Pleshette even made a point of expressing to the crowd "how much joy I had working with (Newhart)." She confessed to watching him do the audience warm up each week and marveling at his easy manner and utterly unique approach to humor. Working with for six seasons was like watching a master magician hone his craft. It didn't matter that she knew how he pulled off most of his tricks, she was in awe of his talent "every time I walked out with Bob Newhart, and I still feel it today," she gushed.
(Once again, Newhart didn't miss his cue. "I didn't know you were listening" to the warm ups, he said sheepishly. Another tribute to Newhart's stature in the comedy biz came from the caliber of industry vets who were in the audience Wednesday night, including Don Rickles and Tim Conway.)
Then Bill Daily picked up the thread, observing that one strength of the cast was that "everybody had their own kind of humor." Newhart was, well, Newhart. Peter Bonerz was Jerry the skirt-chasing Peter Pan. Wallace as the sassy, man-hungry secretary Carol was all her own ("She was kind of a tramp," Wallace admitted), as were the supporting characters. (Newhart noted that early on there was concern about whether viewers would find a psychiatrist character amusing, but of course it turned out to be a goldmine in terms of giving writers a license to introduce funny one- and two-off characters that could come in and out at will, kinda like patients in a doctor's office.)
"Nobody was trying to outdo each other on the show. Everybody had their own thing going," said Daily, who's relationship with Newhart goes back to their days when they both had behind-the-camera gigs at Chicago's WMAQ-TV.
"And right down to the guy making the coffee, it was the best bunch of people," Daily said, contrasting it to his "nightmare" experience working opposite Larry Hagman on "I Dream of Jeannie" a few years before.
(This time, it was Riley's cue. "I never felt the warmth and the magic," he muttered, just as the eternally morose Mr. Carlin would have.)
Among other noteworthy moments in the 70-odd minute sesh:
**Marcia Wallace noted that her character was not in the original pilot but an addition that came courtesy of the namesake of the venue. William S. Paley, the big boss of CBS in those days, saw Wallace make an appearance on "The Merv Griffin Show" and suggested (instructed?) "Bob Newhart" producers at MTM Prods. to add her to their new show. She never once met Paley but wrote him plenty of thank-you notes.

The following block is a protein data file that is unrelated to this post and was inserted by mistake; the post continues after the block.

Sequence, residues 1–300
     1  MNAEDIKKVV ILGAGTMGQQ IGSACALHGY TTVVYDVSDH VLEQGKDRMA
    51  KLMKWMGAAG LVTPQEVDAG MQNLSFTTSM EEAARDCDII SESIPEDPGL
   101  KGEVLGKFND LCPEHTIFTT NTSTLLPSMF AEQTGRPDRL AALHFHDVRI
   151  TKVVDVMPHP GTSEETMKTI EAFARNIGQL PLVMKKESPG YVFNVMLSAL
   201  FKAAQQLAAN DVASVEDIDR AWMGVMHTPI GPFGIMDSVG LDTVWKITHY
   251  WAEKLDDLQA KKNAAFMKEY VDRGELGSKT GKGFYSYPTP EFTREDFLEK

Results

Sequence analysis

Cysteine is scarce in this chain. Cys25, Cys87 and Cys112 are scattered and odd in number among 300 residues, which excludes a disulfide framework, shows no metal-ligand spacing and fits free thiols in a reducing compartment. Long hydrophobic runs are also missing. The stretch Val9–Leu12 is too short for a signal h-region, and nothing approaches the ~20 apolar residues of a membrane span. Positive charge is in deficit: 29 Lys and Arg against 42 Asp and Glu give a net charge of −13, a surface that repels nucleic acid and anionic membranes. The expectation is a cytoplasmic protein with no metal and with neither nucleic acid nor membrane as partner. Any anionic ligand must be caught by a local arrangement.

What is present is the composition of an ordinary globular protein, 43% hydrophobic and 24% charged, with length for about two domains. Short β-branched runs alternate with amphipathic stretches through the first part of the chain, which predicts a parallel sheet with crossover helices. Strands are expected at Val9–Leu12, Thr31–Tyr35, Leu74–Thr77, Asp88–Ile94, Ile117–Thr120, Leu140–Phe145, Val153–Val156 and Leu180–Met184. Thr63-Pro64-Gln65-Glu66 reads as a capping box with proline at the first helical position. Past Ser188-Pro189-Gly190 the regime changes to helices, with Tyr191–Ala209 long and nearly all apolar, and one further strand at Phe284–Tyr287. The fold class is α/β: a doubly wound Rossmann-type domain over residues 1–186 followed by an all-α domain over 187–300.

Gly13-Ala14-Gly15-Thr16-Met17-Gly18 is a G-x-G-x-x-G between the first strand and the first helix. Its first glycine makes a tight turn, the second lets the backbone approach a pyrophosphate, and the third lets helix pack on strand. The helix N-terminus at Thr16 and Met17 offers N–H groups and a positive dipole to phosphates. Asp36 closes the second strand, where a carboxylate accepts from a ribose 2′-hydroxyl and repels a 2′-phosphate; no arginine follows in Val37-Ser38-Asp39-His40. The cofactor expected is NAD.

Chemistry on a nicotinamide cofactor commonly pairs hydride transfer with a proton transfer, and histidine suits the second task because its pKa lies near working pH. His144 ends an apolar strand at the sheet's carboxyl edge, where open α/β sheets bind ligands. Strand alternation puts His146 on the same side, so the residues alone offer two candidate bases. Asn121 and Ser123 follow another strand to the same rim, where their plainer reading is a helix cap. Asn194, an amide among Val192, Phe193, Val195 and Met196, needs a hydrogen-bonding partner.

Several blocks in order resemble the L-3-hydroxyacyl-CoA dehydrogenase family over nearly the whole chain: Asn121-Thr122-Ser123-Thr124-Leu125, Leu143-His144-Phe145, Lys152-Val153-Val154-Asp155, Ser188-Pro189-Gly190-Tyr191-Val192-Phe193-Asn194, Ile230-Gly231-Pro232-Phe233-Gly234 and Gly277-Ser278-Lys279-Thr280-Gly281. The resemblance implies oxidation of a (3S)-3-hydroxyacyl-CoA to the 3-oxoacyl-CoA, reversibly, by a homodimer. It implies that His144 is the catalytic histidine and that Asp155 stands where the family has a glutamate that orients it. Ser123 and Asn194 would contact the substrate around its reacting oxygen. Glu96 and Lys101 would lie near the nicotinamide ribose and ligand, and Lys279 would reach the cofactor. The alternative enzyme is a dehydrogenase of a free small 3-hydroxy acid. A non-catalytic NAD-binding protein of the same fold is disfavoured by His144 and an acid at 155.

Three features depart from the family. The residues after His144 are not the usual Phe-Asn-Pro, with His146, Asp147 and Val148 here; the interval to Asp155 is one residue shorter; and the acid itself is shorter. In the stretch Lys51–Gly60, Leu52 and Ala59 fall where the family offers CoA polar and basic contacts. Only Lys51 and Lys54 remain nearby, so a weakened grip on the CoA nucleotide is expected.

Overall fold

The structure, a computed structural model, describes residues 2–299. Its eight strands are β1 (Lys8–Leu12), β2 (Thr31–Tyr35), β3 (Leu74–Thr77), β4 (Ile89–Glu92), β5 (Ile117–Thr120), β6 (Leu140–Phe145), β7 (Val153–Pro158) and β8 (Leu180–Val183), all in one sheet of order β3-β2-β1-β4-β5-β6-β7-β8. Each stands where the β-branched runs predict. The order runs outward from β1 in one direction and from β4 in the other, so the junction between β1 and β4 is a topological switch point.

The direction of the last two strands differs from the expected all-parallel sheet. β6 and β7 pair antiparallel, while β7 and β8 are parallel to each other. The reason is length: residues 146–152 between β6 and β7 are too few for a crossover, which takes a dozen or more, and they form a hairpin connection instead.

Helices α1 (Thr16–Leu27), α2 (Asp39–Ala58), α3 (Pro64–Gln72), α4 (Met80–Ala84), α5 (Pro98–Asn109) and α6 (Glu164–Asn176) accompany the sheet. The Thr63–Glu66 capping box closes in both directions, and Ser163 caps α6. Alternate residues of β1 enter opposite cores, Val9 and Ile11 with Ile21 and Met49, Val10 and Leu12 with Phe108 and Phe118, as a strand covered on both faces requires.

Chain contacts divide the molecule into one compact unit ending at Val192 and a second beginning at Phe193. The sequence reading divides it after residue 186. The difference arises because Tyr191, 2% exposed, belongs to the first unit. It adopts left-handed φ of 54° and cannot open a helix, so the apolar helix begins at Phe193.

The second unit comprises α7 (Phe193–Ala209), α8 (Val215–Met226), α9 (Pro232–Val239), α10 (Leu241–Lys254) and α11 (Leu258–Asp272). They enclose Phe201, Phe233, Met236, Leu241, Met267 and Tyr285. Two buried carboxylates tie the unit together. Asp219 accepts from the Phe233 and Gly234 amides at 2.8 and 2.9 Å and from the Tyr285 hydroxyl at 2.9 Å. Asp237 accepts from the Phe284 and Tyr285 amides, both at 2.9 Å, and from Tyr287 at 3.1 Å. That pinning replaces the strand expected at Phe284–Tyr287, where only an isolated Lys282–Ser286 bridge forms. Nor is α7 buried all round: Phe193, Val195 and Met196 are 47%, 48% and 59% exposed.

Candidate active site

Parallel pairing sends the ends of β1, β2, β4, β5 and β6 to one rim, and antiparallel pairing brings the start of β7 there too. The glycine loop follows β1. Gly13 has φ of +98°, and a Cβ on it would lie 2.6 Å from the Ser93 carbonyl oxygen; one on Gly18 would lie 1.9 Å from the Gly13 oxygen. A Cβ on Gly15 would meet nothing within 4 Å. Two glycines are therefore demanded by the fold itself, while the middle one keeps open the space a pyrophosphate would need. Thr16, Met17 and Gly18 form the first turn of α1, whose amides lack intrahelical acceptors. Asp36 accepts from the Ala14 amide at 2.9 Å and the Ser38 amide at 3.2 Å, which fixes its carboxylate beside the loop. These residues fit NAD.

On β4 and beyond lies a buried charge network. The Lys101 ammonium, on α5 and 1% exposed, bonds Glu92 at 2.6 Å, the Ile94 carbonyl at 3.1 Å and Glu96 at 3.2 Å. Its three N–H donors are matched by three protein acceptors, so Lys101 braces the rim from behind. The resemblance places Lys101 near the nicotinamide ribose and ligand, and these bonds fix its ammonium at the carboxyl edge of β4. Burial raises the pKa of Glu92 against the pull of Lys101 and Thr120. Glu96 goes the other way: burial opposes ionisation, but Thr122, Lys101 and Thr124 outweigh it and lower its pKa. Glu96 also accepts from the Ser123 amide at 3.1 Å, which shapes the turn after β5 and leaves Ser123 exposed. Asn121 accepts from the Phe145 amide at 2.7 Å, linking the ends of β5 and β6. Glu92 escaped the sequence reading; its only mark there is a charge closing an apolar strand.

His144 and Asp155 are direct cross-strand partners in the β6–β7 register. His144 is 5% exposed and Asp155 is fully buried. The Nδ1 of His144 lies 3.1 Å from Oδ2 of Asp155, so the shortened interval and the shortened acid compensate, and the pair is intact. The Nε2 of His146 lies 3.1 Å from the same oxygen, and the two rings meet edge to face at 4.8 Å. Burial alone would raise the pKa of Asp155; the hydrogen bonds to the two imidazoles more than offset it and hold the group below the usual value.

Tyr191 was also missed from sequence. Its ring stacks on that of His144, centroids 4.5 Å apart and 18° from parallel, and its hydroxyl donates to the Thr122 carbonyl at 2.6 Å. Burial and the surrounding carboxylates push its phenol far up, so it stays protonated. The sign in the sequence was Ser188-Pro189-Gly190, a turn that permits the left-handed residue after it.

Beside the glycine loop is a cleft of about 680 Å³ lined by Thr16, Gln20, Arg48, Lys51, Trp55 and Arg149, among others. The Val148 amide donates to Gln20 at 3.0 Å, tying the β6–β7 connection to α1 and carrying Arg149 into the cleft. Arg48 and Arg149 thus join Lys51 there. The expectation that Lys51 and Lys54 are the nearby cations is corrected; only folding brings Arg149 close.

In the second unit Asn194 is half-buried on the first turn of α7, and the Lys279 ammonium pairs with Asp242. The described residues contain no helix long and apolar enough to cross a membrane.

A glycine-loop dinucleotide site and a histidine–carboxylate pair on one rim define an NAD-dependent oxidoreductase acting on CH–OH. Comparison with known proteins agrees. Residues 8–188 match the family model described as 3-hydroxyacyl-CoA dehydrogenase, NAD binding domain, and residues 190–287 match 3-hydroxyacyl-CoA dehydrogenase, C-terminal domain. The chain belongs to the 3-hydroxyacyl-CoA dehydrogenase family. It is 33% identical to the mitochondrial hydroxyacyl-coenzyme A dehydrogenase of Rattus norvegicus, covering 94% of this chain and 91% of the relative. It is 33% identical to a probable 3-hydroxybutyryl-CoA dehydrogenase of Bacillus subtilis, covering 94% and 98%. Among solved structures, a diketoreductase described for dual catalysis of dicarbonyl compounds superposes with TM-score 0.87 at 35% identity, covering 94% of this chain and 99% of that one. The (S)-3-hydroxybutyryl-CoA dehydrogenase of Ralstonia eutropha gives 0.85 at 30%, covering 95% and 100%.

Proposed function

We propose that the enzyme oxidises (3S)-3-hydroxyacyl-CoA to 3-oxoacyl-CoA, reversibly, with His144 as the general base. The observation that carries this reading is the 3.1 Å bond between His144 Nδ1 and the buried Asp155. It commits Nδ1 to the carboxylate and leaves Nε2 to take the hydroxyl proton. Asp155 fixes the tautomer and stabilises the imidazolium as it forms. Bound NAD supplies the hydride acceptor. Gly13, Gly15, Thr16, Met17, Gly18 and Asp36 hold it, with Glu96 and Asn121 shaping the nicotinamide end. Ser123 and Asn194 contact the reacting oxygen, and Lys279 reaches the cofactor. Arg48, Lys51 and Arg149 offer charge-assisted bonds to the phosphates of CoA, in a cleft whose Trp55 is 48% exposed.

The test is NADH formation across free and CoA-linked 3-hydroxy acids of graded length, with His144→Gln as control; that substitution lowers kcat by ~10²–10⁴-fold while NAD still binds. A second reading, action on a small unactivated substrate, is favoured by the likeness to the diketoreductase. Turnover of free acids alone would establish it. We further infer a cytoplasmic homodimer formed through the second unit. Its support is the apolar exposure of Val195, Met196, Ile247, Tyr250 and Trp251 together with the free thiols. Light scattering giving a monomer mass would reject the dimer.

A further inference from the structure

**A very noticeable "awwwww" was heard from many in the crowd when a young John Ritter popped up in the clip reel as an over-eager waiter at an ice cream parlor.
**Bill Daily said he had to star in a pilot for a "Mary Tyler Moore" spinoff that didn't go before he was able to segue to his "Bob Newhart" role as the dumb-as-a-post airline pilot Howard Borden, next-door neighbor of Bob and Emily.
**In the original concept for the show, Peter Bonerz' character was not Jerry the Dentist but Jerry the Experimental Pyschiatist who was into far more "way out" treatment techniques than the leisure suit-loving, group therapy-advocating Bob Hartley, according to Newhart.
**Dick Martin launched his third career, as a TV director (following his stints as a standup comic and host of "Rowan and Martin's Laugh-In"), by observing producer-director Michael Zinberg and James Burrows on "Bob Newhart" for about three weeks before tackling his own seg.
**Suzanne Pleshette is "extremely rich," thanks to the frugality of her late husband Poston. "He would never give $20 to a (maitre'd)...but he had it all in shopping malls," she quipped.